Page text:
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John Cabess (likeness)
*The birth of John Cabess is celebrated on this date in c. 1640. He was an African slave trader and merchant.
John Cabess (also known as John Kabes or John Cabes) was the son of John Cabessa, a prominent African official working for the British at Fort Amsterdam in the 1660s. His father was most noted in British reports for committing suicide rather than becoming a captive while the Dutch were attacking Fort Amsterdam. The city of Komenda, part of the Kingdom of Eguafo, had become a major trade port in the later parts of the 17th century.
The British and French wanted to get a foothold in the port to break the Dutch monopoly over trade in the Gold Coast. The Dutch, in contrast, saw it as a secondary port to support its other operations in the area. In this situation, Cabess moved to Komenda in the 1670s to work with the British attempts to establish trade relationships in the port. At this point, he provided shells, food, and labor for fort and factory construction by the Royal African Company in Komenda and elsewhere along the coast.
Eventually, Cabess became a major slave trader out of the port of Komenda, supplying thousands of slaves continually. His refusal to trade with the Dutch significantly slowed their ability to build facilities. When the French took an interest in developing a factory at Komenda, they offered Cabess a significant amount of gold to help them in the project (a deal which was never finalized). Cabess had significant negotiating leverage in his relationship with the British, sometimes resulting from intense relations. In 1687, tensions between Cabess and the Royal African Company representative in the fort, William Cross, resulted in Cross being forcibly removed from the post. Similar situations occurred in 1698 and 1714, both times with the British representative being replaced at the request of Cabess.
In 1688, Cabess was panyarred by the Dutch, a practice common in the area where merchants and traders would be captured by other merchant forces, and their goods would be taken. The British merchants secured Cabess' release, and according to some accounts, this precipitated his attack on Dutch miners in 1694, which started the Komenda Wars. In 1690 during a war between the Dutch and French trading companies, the British factory was burnt down, and they left the area. Cabess, therefore, began supplying goods and manpower to the Dutch. With the end of the wars after 1700 and the rise of the Ashanti Empire in trade along the coast, Cabess became a crucial middleman in the port city.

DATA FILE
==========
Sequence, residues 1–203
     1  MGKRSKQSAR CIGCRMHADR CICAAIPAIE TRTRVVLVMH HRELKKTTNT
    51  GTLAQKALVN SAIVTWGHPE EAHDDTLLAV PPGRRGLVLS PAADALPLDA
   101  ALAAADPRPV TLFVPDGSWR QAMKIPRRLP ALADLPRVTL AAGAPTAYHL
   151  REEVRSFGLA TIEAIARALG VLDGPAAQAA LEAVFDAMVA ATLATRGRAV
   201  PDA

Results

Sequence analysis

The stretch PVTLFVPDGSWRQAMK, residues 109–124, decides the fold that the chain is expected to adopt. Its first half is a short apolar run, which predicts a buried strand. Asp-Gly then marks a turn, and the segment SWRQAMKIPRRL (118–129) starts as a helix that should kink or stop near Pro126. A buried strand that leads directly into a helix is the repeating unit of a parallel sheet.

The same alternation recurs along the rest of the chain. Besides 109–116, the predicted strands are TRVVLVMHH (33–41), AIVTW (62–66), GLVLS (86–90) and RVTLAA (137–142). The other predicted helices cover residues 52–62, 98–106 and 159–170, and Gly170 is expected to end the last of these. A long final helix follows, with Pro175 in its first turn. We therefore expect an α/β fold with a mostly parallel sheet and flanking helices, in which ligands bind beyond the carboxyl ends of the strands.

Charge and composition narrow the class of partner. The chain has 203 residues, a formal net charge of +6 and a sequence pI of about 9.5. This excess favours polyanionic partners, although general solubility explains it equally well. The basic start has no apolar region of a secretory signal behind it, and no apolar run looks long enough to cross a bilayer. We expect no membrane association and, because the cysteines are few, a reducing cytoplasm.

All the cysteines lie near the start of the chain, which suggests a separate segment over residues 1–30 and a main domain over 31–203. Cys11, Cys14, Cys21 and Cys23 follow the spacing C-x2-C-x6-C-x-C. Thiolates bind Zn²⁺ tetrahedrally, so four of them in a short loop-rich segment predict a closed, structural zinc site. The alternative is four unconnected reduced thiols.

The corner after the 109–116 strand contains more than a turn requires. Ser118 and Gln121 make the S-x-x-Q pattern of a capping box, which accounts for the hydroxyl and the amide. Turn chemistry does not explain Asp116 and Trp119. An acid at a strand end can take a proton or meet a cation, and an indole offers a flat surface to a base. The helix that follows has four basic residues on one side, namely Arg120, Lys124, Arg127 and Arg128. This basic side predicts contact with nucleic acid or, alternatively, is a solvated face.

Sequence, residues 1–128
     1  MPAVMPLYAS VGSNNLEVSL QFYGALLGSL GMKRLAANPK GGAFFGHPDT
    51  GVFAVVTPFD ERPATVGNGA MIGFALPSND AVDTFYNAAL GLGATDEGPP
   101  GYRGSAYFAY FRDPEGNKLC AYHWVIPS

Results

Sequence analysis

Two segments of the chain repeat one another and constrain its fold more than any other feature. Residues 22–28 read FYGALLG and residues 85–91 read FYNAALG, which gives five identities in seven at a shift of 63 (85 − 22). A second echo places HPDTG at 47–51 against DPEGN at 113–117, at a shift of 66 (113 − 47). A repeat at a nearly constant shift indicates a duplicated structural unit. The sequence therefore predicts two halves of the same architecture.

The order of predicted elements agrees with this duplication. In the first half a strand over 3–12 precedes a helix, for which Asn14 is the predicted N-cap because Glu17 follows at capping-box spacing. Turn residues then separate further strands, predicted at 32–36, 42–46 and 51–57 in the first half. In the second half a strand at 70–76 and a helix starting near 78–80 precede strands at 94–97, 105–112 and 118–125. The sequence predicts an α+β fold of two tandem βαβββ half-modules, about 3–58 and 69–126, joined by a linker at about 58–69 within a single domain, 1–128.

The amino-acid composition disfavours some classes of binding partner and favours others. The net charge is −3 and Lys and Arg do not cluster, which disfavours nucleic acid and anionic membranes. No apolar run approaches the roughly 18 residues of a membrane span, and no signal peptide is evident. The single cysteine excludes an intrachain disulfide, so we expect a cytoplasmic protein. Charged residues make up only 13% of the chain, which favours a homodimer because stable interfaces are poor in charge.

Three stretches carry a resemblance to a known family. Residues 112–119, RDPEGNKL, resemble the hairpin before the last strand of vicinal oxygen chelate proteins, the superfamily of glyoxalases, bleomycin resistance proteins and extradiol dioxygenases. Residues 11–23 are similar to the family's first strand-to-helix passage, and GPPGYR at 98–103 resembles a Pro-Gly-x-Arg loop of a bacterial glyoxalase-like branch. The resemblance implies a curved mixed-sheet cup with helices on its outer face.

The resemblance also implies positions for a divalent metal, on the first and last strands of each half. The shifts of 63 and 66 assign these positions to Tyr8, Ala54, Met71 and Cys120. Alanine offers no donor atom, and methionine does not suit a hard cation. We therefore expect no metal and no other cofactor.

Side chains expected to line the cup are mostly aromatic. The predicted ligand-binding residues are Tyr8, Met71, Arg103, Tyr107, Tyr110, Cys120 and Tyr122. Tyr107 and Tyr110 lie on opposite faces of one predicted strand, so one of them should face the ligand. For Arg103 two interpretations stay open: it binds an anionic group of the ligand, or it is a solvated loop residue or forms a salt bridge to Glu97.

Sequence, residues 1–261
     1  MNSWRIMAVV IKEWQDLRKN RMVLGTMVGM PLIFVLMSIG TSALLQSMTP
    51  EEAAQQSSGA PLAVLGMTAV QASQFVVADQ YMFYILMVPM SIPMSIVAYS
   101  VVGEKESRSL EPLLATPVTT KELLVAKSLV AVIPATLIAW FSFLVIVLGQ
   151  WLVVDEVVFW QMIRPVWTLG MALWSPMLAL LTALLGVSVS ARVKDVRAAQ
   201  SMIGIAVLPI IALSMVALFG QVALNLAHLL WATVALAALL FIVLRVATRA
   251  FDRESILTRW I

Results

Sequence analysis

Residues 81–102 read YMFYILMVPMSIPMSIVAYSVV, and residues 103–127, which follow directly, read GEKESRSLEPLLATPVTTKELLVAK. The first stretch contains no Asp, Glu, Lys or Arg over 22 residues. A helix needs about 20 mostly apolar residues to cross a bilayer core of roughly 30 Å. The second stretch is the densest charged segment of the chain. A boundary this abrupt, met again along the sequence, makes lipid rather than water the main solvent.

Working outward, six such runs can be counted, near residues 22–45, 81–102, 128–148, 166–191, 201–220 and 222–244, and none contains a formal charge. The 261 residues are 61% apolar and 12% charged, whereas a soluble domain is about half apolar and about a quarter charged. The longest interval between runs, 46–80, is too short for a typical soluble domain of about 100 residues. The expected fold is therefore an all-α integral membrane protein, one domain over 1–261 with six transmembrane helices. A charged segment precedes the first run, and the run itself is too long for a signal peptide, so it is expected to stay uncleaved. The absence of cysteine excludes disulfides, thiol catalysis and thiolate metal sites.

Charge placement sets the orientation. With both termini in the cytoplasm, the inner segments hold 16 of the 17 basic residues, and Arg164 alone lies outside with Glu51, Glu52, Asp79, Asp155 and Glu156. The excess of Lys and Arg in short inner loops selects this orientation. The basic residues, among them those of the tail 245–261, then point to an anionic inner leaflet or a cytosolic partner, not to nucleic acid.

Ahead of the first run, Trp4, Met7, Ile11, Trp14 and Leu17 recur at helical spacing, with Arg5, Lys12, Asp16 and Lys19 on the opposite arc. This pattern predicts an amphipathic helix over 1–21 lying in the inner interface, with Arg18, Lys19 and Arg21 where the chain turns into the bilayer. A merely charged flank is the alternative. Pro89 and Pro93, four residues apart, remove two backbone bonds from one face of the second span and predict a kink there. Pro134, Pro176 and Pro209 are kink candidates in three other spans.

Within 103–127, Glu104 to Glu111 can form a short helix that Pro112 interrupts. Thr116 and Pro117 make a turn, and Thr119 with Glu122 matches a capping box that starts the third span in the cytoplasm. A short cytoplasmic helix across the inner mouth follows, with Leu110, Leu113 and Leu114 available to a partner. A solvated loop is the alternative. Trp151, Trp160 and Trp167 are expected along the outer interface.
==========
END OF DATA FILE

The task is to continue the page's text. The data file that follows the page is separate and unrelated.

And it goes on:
British traders complained that Cabess would prevent traders from directly entering Komenda and instead intercept them outside of the city trading for their goods and then charging a higher rate to the British while keeping some of the best goods for themselves. Cabess then became able to manage contacts with multiple sellers and multiple buyers but kept them from directly contacting each other and thus centralizing buying and selling within his control.
The economic position of Cabess brought created conflict with the British became quite hostile to one another by 1705. However, although he traded with the Dutch, he remained a significant British ally for the rest of his life, and the tension quickly decreased. This economic position also introduced rivalries with other African powers: a series of hostile activities between Twifo and Cabess in 1714 required the adjudication of Ashanti diplomats.
Economic importance translated into increasing political importance, and Cabess became the virtual leader of Komenda, who became less subordinate to the city of Eguafo and gradually became an equal. In addition, Cabess began owning land around Komenda that he directly controlled. At the time of his death, he largely held sovereign power along the coast. John Cabess died in June 1722 in Komenda. The British and Dutch feared a large succession struggle among his many heirs. The RAC administrators dispatched an officer to provide gifts to those members most likely to take the place of Cabess. After a public viewing of his body, he was buried at the British fort in Komenda. His son Ahenaqua took over much of the trade and political power of Cabess without a recorded succession struggle, and until the chiefs at Cape Coast became predominant over Komenda in the mid-1700s, the main office at Komenda, the Caboceer, governed on what was known as "the stool of the late John Cabess."
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